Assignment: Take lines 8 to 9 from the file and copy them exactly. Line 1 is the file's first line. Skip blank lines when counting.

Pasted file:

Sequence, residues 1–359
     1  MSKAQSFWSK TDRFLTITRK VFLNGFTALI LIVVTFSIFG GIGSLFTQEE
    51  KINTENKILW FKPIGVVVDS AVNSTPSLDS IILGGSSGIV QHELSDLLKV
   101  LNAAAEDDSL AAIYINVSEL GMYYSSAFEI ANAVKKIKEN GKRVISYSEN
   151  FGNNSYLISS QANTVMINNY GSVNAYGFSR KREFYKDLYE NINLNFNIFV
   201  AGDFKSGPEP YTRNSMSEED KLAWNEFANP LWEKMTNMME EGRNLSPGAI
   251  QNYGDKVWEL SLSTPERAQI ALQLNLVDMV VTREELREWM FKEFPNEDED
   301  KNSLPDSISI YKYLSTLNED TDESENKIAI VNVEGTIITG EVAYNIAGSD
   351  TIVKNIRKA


   301  KNSLPDSISI YKYLSTLNED TDESENKIAI VNVEGTIITG EVAYNIAGSD
   351  TIVKNIRKA